Is rest the best relief for muscle soreness from intensive training?

Originally Published: August 3, 2001 - Last Updated / Reviewed On: March 17, 2014
Share this

Dear Alice,

My husband is in an intensive training program to become a firefighter. He trains Monday – Friday. As a consequence, he is sore everyday. I know the best remedy for sore muscles is rest… but he doesn't get any. Is there anything else he can do?

—Concerned wife

Dear Concerned wife,

Unfamiliar or newly strenuous activity, among other factors, can contribute to delayed aches and pains after exercise. Some intensive regimens, such as your husband's, do not accommodate for a sufficient break to help the muscles to recover. You're 100 percent right — rest is most helpful in overcoming muscle soreness.

Firefighting is a physically demanding occupation and it's certain the training is intense and exhausting. It's likely that your husband is performing exercises that incorporate a full range of motion involving two types of muscle contractions. Concentric contractions occur when muscles shorten as they overcome resistance. Think of a bicep curl — raising the weight up produces a concentric contraction. Eccentric contractions happen as muscles act to oppose gravity. In this phase, the muscle is actually lengthening. During a bicep curl, think of lowering the weight — this is the eccentric contraction. It is well documented that the eccentric contractions during exercise contribute to the soreness felt after a workout. The tendons and some connective tissue of stiffer muscles are unable to absorb the stresses of the lengthening part of exercise.

People prone to stiffer muscles may be more susceptible to muscle damage after physical activity than others. They may benefit from warming up first, as this has been shown to reduce symptoms of additional damage, and may possibly protect against further soreness. It's a good idea to start by elevating the pulse rate slowly with some light aerobic activity, such as a brisk walk or easy jog. It's best to stretch once the body has had a chance to warm up a little. Static stretching (i.e. holding a stretch in place for several moments, without bouncing back and forth) can help get muscles ready for any type of training. There is some controversy regarding the usefulness and safety of certain stretches, so it would be a good idea for your husband to get tips from a health care provider or personal trainer on how to stretch. The related Q&A's below provide some tips as well.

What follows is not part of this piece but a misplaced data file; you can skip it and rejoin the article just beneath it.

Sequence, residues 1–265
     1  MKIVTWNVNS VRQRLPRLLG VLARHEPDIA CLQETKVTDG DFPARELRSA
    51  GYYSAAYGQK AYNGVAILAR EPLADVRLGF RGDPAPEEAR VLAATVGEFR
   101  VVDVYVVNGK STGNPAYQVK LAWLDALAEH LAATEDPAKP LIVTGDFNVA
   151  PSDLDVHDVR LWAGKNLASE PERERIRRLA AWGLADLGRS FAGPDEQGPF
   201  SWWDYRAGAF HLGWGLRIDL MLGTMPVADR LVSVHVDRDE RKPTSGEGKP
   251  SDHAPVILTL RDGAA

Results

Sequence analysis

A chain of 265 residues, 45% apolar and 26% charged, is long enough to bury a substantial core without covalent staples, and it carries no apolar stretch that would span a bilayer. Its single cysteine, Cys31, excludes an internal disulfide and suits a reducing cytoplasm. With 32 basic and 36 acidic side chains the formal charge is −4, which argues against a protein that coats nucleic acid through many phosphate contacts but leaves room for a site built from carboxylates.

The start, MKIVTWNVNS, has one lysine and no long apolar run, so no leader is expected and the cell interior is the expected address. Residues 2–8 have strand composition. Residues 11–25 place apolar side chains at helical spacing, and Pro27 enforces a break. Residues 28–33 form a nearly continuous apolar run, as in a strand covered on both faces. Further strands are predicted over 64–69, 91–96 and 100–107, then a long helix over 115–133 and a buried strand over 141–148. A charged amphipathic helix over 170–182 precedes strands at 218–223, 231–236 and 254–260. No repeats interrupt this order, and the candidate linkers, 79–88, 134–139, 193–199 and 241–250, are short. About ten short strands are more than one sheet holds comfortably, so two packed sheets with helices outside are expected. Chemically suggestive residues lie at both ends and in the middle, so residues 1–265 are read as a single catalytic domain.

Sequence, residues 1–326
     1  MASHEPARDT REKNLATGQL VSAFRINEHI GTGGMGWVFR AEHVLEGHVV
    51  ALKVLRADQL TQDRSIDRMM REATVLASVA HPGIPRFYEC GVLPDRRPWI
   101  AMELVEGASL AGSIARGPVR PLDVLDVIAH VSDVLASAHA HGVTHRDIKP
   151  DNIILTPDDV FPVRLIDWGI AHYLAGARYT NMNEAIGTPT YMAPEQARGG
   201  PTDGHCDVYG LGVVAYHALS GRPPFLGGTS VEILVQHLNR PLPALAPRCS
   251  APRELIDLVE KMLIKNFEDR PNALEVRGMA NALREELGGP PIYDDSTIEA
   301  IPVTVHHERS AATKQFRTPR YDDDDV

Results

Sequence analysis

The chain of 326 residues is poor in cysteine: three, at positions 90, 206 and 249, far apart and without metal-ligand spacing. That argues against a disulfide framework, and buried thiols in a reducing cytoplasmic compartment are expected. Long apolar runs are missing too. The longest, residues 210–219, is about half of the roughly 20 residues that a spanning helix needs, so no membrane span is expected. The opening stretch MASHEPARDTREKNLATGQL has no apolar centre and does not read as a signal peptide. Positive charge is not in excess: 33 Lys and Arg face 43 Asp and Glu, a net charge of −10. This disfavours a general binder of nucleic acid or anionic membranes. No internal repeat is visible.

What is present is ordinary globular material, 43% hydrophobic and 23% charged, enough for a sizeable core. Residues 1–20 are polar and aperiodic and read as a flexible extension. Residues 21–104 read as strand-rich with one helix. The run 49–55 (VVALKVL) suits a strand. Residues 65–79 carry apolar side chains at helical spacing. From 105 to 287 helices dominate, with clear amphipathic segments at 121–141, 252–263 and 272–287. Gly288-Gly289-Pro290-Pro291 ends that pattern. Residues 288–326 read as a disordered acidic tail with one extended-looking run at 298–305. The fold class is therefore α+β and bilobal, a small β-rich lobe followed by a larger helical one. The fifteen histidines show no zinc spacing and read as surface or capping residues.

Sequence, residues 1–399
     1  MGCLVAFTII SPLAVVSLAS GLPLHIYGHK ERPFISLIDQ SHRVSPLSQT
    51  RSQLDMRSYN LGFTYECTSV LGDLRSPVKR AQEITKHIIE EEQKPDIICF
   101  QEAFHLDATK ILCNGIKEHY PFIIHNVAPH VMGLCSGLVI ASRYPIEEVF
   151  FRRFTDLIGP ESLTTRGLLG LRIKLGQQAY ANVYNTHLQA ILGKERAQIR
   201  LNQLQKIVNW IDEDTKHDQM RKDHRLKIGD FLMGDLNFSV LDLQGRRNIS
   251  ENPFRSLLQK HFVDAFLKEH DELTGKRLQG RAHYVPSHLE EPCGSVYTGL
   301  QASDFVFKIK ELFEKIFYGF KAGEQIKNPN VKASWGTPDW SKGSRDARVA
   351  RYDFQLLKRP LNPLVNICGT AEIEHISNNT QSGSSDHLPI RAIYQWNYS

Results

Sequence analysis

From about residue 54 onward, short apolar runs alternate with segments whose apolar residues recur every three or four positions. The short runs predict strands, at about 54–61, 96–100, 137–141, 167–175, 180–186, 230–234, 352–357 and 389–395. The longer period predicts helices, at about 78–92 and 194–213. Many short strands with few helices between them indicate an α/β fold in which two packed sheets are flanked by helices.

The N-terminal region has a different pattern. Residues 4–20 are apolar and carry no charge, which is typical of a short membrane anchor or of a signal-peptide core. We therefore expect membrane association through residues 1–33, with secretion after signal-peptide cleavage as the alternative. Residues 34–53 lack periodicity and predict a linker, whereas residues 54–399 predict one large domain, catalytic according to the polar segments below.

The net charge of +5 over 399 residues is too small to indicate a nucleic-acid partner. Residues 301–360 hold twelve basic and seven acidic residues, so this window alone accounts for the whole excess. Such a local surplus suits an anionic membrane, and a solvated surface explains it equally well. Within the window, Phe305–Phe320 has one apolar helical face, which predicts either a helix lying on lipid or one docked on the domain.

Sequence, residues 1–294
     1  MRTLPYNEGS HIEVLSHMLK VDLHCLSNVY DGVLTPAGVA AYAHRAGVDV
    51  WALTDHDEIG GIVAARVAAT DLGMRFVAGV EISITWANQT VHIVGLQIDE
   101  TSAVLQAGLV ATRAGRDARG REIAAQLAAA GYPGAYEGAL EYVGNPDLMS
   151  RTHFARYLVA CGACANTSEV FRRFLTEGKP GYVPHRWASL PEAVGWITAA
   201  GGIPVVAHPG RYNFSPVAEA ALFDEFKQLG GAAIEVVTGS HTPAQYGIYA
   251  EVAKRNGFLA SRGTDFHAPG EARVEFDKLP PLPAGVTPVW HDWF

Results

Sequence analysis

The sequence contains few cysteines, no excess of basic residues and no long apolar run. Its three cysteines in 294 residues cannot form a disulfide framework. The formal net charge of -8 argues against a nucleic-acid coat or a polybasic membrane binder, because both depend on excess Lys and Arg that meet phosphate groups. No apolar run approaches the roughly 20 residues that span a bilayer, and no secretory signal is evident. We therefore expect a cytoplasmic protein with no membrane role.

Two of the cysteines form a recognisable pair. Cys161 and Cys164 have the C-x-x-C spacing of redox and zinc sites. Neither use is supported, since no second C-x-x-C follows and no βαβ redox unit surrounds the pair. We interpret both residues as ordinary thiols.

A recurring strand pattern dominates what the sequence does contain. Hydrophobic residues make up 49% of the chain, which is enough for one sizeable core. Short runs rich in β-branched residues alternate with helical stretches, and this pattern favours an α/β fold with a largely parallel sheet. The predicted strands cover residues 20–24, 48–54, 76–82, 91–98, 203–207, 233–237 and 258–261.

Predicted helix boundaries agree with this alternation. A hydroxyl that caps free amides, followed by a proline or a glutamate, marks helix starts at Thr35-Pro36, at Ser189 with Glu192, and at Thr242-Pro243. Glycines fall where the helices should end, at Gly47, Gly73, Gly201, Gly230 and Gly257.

Hydration and nutrition can also play a role in helping the body heal from activity of any intensity. Dehydration is a frequent contributor to soreness and your husband should be hydrating before, during, and after training. Water is the best bet for quenching thirst and a low sugar sports drink can help replace electrolytes for prolonged periods of training. A well-balanced diet with fruits, vegetables, plenty of protein, and complex carbohydrates can help the body perform under intense conditions. Potassium can also help reduce soreness, so your husband may want to consider adding a banana or two to help with recovery. Avoiding excessive alcohol or caffeine use can also prove beneficial.

In the mean time, massage can feel really good to fatigued muscles. So if you're inclined, a relaxing rubdown may be greatly appreciated by your tired, aching husband. To be fair, the two of you could trade massages so you can each relax and recover from the day!

Alice